- Hospitality

The Importance of Excellent Hospitality Communication

Hospitality communication in the workplace is always an important issue which is constantly addressed by employers and staff alike. Excellent communication is a vital issue, because customers are paying not only for the product – the food, the room or the facilities – they are also paying for the service. And service is just as much about communication as it is about skill.

Hospitality communication covers two important areas: customer service, and ‘behind the scenes’ staff and management interaction. Good communication in both areas is essential for the high standards of operation everyone expects in the industry.

The Importance of Hospitality Communication in the Customer Service Level:

A client may have a bad day, or be in a bad mood, but a genuine smile from the receptionist and a warm welcome from all the staff might just change their outlook for the rest of that day and the days to come. The same applies for the waitperson at the restaurant, the housekeeping or maintenance staff, or any other employee that comes in contact with the guests. A caring, positive atmosphere makes the difference between just a place you pass through and a place your guests will remember.

Employees in the hospitality industry must remember that “service with a smile” is not just a logo – it’s what clients expect. It requires a positive attitude 100% of the time, even if you are having a bad day or you are tired – the customer is paying for your smile, not your frown. It requires patience when dealing with customers from overseas who have a hard time making themselves understood in English. It requires ‘putting up’ with grumpy people or ones who’s manners are not always impeccable – because, up to a certain point, ‘the customer is always right’. These are situations that staff learn to deal with and they take pride in the professional manner in which they handle ‘difficult customers’.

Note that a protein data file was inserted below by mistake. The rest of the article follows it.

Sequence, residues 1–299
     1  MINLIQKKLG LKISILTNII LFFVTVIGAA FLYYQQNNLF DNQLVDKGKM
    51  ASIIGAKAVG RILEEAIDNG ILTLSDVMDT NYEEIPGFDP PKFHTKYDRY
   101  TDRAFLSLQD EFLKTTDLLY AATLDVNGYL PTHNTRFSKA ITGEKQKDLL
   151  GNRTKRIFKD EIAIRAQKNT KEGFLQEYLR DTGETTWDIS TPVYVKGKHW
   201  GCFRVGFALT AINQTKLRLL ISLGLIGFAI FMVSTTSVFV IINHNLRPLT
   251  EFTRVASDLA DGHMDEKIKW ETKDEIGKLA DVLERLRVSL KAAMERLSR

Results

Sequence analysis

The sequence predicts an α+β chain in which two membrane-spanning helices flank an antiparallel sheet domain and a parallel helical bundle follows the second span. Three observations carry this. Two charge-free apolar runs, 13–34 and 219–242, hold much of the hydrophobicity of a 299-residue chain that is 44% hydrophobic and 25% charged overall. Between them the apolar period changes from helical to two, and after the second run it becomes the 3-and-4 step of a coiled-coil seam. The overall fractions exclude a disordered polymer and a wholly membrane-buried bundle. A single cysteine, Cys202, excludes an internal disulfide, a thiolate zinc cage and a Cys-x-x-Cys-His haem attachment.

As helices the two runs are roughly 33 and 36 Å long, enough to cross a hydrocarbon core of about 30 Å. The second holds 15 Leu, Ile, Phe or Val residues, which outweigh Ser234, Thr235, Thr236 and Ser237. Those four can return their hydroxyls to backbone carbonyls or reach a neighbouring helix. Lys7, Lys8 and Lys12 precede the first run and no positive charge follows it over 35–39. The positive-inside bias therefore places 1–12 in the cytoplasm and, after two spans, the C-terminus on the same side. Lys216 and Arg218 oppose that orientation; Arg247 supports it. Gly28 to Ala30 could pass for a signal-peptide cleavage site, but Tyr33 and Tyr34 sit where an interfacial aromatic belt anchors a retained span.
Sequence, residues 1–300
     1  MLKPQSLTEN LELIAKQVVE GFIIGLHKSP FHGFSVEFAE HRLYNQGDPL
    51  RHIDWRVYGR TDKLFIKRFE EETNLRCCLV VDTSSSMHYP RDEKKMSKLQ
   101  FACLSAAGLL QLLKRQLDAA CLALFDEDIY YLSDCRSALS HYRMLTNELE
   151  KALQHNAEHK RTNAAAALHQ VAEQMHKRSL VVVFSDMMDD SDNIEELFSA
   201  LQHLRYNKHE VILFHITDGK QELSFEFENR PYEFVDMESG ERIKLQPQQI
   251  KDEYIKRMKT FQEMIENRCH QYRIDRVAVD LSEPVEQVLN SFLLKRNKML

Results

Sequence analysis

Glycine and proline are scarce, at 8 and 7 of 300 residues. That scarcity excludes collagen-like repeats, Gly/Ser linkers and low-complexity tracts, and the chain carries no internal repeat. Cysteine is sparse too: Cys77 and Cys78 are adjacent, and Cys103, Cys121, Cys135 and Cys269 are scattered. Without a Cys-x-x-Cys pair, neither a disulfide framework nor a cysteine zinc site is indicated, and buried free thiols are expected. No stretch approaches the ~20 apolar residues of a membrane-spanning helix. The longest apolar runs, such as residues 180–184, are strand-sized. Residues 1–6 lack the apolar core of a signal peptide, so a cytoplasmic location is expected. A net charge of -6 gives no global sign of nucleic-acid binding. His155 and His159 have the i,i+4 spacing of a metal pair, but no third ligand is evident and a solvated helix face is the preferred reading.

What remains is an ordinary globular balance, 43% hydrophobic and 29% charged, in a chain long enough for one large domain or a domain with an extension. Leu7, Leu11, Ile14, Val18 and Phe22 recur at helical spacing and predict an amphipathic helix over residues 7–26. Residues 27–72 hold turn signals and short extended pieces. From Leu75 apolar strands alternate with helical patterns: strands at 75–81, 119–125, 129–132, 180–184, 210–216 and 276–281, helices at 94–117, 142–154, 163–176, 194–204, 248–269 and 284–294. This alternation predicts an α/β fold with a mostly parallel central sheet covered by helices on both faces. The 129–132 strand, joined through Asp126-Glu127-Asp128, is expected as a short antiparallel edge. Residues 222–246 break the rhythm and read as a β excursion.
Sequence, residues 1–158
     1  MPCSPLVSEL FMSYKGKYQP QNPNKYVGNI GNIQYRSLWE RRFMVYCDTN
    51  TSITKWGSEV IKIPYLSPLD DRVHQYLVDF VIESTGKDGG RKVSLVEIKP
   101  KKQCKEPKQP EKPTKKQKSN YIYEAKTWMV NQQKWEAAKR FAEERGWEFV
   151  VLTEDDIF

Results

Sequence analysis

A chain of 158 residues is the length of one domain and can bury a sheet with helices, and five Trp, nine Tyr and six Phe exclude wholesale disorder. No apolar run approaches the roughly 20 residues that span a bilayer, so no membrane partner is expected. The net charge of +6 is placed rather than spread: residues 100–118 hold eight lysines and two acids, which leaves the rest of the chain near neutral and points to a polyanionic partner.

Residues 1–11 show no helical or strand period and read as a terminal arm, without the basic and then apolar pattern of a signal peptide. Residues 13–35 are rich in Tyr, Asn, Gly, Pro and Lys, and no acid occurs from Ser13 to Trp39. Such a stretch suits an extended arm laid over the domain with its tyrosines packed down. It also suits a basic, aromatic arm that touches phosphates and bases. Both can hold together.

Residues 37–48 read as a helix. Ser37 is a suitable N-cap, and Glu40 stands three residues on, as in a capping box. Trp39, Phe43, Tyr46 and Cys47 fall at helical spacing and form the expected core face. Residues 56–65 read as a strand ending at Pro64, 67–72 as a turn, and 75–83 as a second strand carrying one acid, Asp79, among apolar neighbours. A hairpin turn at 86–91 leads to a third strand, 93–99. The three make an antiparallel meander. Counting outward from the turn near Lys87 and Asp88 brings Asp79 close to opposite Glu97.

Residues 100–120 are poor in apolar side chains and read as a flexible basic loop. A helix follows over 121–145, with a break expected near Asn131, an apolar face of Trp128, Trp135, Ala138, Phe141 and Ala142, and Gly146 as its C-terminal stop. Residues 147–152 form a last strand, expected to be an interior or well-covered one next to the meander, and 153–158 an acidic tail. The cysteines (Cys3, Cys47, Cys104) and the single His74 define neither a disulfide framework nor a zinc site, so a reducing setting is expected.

Other important aspect of hospitality communication with customers is providing clear and useful information when asked by customers. Restaurant staff should know the menu inside out, understand special dietary requirements, know about the source of the ingredients they are serving, etc. Reception staff at the hotel should be up-to-date not only with the facilities and services that the hotel offers, but also with all the other information travellers need: activities, transport, eating and entertainment, and opening hours of shops and agencies. It is part of the service, and guests appreciate well-informed and courteous staff – it can make a difference between “just another day” and a memorable day.

The Importance of Hospitality Communication between Staff and Management:

Employers should take the time to explain and train their employees to always maintain a warm, welcoming and professional environment in the workplace, not only where customers are concerned, but also among the staff themselves. An employer can do a lot to promote a positive atmosphere for the staff; a nice staff room with facilities for workers to relax during their breaks will let them know they are valued, that the boss cares about them. This small investment will pay off by having loyal staff who are willing to give a little extra because they feel it is appreciated. Good communication between management and staff will be passed down the line in the form of good communication between staff and guests. Making sure that staff has all the ‘tools of their trade’ to do their job to the highest standards is a two-way thing – employees have to communicate clearly and on time what they need, and management should listen and make sure they are well informed of all their staff’s requirements and needs.

Smiling, happy staff is one of management’s most important assets in the hospitality industry. Therefore, people who are looking at a career in this sector should know that the skills required include ‘people skills’ – understanding, patience, the ability to perform well as a team, and, above all, a positive disposition. Bad tempered people have no place in the hospitality industry – it’s a place where people come to relax and enjoy themselves. A happy and relaxed atmosphere is what anyone entering the facility should immediately feel, and if staff and management can communicate this at all times, they can be assured that their guests will be coming back for more.